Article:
Opinion

Monday 1 May 2017

Rural Ireland won't lose its ticket to ride

Rival operators will take up the slack if Bus Eireann cuts routes - and the taxpayer will save a small fortune, writes Sean Barrett

There are 9,259 licensed large public service vehicles registered on our roads, twice the 1992 figure. The potential for more and better services is being realised as we move away, albeit slowly, from monopolistic thinking (Stock picture)
There are 9,259 licensed large public service vehicles registered on our roads, twice the 1992 figure. The potential for more and better services is being realised as we move away, albeit slowly, from monopolistic thinking (Stock picture)

Sean Barrett

We have received the first quantified proposal to stave off the insolvency of Bus Eireann. The company stated that it would save €1.1m by leaving three routes - Dublin-Derry, Dublin-Clonmel and Athlone-Westport. Leaving aside the recurring claims that the future of rural Ireland is again at risk, what might be the consequences of these changes?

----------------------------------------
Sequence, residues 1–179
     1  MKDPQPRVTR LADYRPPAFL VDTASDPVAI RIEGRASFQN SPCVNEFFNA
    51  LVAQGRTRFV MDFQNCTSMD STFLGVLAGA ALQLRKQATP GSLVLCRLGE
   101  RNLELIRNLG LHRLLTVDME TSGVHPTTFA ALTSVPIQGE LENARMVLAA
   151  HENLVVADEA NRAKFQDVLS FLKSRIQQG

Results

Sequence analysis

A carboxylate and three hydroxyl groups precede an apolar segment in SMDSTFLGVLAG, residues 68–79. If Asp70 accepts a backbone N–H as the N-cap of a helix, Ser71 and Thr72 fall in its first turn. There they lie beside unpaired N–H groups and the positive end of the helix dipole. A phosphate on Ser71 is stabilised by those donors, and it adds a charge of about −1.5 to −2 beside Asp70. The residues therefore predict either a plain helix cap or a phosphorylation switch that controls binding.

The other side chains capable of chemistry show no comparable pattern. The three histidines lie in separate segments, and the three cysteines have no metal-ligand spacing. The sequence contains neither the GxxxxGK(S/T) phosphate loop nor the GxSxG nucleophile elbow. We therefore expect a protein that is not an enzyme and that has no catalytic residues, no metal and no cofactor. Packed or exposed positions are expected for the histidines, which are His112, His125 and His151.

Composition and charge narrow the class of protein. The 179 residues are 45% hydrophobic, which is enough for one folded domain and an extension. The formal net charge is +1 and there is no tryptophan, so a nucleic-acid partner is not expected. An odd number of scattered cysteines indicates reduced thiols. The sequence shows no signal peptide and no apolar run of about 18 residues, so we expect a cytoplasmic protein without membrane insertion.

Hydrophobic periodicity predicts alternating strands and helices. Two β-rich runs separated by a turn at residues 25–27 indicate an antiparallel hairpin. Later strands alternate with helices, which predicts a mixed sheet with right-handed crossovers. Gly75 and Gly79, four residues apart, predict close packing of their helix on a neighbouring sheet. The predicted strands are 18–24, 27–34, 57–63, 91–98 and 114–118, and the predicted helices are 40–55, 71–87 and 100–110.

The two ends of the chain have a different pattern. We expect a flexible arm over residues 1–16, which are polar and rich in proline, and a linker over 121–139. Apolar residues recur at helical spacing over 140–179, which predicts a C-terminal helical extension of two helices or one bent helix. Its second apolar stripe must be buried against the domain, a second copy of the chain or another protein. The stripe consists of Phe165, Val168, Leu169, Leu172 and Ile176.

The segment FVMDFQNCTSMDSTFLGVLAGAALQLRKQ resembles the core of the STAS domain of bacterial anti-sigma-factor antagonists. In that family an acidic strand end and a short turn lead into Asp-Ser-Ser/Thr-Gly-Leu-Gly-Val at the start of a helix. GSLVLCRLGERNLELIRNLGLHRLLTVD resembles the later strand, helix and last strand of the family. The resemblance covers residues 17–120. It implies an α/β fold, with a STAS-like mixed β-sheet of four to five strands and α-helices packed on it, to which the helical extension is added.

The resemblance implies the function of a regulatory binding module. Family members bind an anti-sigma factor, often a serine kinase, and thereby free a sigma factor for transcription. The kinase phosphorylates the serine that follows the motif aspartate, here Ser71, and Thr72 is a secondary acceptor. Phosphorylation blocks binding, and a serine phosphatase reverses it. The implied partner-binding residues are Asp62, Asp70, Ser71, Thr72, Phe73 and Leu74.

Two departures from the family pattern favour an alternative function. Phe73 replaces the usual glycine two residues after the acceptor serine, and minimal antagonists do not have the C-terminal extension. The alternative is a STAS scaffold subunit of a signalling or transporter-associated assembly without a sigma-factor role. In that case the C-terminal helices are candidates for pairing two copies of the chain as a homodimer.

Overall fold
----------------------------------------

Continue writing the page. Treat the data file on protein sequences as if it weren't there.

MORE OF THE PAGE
Dublin-Derry has three operators. Ulsterbus has four services per day, McGinleys and Bus Eireann each have two. The low market share of Bus Eireann indicates that its passengers have ready alternatives. Those expressing concern for remote areas will be pleased that McGinley serves Inishowen.

Dublin-Clonmel has two operators - Bus Eireann with eight services per day and JJ Kavanagh with seven. Fears that rural Ireland risks isolation are allayed by examining their timetables. Bus Eireann serves Kilkenny, Callan and Grangemockler. Kavanagh serves these plus Kilsheelan, Castlecomer, Crettyard, Ballylinan, Athy, Kilcullen and Naas. There is no threat there of isolation when Bus Eireann leaves.

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